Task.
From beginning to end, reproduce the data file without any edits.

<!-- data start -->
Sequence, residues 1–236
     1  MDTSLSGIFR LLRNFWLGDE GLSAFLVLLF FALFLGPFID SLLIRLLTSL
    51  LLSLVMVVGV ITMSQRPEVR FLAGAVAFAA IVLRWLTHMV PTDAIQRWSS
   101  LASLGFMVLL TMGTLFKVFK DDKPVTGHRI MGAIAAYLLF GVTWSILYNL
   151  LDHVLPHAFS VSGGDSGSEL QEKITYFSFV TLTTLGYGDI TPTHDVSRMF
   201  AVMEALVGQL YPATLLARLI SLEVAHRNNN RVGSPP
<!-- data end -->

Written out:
Sequence, residues 1–236
     1  MDTSLSGIFR LLRNFWLGDE GLSAFLVLLF FALFLGPFID SLLIRLLTSL
    51  LLSLVMVVGV ITMSQRPEVR FLAGAVAFAA IVLRWLTHMV PTDAIQRWSS
   101  LASLGFMVLL TMGTLFKVFK DDKPVTGHRI MGAIAAYLLF GVTWSILYNL
   151  LDHVLPHAFS VSGGDSGSEL QEKITYFSFV TLTTLGYGDI TPTHDVSRMF
   201  AVMEALVGQL YPATLLARLI SLEVAHRNNN RVGSPP